From watching London 2012 to being part of Birmingham 2022
Ten years ago, London 2012 set my pedals turning.
That was really the first time I can remember watching cycling on the television. I watched - or listened - to pretty much every sport in that magical summer but it was the women on wheels who inspired my own journey. I dug out an old bicycle from the back of our shed, inflated the tyres and set off.
Since then, I've ridden in Europe, Africa, India and USA. I've covered tens of thousands of miles and helped hundreds of women enjoy cycling through my role as a Breeze Champion. I've made wonderful friends and had the very best adventures. I've fallen in a heap, waded through floods with my bike on my shoulder and ridden into wind so strong I almost went backwards.
And I've loved every minute.
So when the opportunity came to volunteer to be a part of Commonwealth Games that could inspire others to free their dusty bicycles from the back of the shed and take to the open road, I didn't hesitate.
This summer, I was part of the Commonwealth Collective, a happy band of 14,000 volunteers helping to deliver the games in Birmingham and the West Midlands.
At my interview, I said I'd do anything except drive people anywhere. I'm well known for getting lost and couldn't handle the responsibility of delivering athletes to the right place, on time. Eventually, I was thrilled to learn that I'd been allocated cycling.
For six days, I was a very small part of the fantastic Mountain Biking event, at Cannock Chase. A vision in orange and grey (the cap stayed firmly in my bag after the first morning), I was lucky enough to be placed in the athlete's lounge, helping competitors, coaches and team officials.
What did that mean?
Well, the easy part, thanks to working alongside the much more experienced volunteer Bonna, was registering teams when they arrived, handing out training numbers and showing them to the tent that would become their country's base during the Games. It meant answering questions and providing advice. It meant making sure that we had enough food in the fridge to satisfy ravenous athletes (if you have ever fed a teenager you will have a small notion of the mountain of sandwiches this requires).
It meant obtaining superior coffee for coaches who couldn't drink the blend on offer and procuring extra ice packs for one team on race day.
It meant tracking down right keys to storage containers for rollers and equipment, sanitising tables and chairs to keep athletes safe from infection and keeping up with results of teammates in other sports, to update cyclists out on the course.
If there was a problem, we solved it.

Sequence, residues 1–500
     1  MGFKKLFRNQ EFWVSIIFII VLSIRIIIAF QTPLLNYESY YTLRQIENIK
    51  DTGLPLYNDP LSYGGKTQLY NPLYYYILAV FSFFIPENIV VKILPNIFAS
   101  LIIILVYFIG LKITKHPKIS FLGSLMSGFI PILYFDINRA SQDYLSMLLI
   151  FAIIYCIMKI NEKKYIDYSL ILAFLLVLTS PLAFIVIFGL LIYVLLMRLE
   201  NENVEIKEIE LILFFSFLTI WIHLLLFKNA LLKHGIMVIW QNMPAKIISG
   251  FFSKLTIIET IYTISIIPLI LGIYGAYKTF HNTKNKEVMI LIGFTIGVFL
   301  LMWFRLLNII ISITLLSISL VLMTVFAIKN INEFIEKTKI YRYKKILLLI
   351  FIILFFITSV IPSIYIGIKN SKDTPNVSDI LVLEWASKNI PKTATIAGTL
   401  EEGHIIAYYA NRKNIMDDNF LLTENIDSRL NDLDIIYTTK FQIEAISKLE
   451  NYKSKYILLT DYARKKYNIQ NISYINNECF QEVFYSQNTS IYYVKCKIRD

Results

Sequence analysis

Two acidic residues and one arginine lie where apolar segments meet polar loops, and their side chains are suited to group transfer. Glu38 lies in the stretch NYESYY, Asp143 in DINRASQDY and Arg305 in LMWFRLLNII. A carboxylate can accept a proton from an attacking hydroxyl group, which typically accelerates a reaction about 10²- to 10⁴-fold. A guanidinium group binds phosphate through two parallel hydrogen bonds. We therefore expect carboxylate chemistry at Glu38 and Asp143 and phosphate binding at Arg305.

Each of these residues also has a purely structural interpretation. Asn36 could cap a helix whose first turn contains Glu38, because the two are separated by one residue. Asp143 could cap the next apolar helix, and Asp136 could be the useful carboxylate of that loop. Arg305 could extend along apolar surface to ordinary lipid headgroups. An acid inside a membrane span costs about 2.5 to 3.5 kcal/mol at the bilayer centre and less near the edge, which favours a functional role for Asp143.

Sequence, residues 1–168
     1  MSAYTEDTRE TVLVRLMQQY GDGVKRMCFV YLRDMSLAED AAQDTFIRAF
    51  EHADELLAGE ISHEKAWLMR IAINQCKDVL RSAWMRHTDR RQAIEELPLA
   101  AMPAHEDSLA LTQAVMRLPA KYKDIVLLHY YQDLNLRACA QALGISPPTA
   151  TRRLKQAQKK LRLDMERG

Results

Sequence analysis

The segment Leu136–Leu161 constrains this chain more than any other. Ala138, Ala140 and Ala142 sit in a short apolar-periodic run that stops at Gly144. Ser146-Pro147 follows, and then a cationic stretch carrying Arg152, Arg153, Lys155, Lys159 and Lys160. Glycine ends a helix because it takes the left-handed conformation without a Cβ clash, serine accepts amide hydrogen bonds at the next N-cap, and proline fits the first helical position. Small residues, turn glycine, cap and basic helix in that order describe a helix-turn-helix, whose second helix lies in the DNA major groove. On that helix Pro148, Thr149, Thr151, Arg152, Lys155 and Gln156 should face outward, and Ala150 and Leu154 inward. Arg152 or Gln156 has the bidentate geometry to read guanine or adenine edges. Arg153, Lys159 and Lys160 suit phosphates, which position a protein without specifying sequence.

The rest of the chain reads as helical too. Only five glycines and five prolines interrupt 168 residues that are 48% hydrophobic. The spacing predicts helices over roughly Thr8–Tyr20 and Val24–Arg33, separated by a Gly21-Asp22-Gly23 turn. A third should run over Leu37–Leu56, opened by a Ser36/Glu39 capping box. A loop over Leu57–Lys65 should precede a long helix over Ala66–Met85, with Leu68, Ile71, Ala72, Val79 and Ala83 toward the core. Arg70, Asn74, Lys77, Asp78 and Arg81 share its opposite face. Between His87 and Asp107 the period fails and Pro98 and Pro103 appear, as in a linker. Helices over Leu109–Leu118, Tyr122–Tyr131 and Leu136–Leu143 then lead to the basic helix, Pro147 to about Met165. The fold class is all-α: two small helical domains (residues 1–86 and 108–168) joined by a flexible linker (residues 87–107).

When a partition wall fell down in the athlete's changing room, four of us managed to build back better. When one coach of one asked to make an official complaint, I didn't blink....although a big part of me wanted to hide under my desk.
And when the very lovely Kenyan team wanted to get back to their accommodation in Warwick, I went through hell and high water to get them a bus. Although having cringingly broadcast around the whole site, I won't be using a radio again in a hurry: "I NEED A BUS FOR THE KENYANS. JUST THE KENYANS. CAN ANYONE HEAR ME?"
It was an indescribable thrill to glimpse behind the scenes of the athletes' experience at a major event.
Over six days, I got to see a lot of the Australian rider Zoe Cuthbert and thrilled by her surprise Silver. I was taken aback at the emotion of seeing 'my' riders on the Start line and I made sure that I was there to meet Kenyan rider Nancy Debe as she exited the track: "We were all shouting for you, Could you hear us?" She'd heard the roar of the volunteers the whole way around.
Shattered, I was nonetheless sad when my time with the Collective came to a close. I could have stayed in that happy, positive, sunshiny bubble forever.
Birmingham is said to have been changed by the Commonwealth Games. I hope that among the millions watching, there is someone like me who has been changed, too, someone who even how is retrieving a bike from the back of the shed and begining their own journey.
As for me, I've been bitten by the bug. I've already got my name down for the Island Games in 2023 and can't wait for applications to open for Paris 2024. I’m even considering driving a buggy at Camp Bestival.
If you get a chance to volunteer and get involved, take it. You’ll get back so much more than you contribute and the very worst that can happen is that you will embarrass yourself on a two-way radio.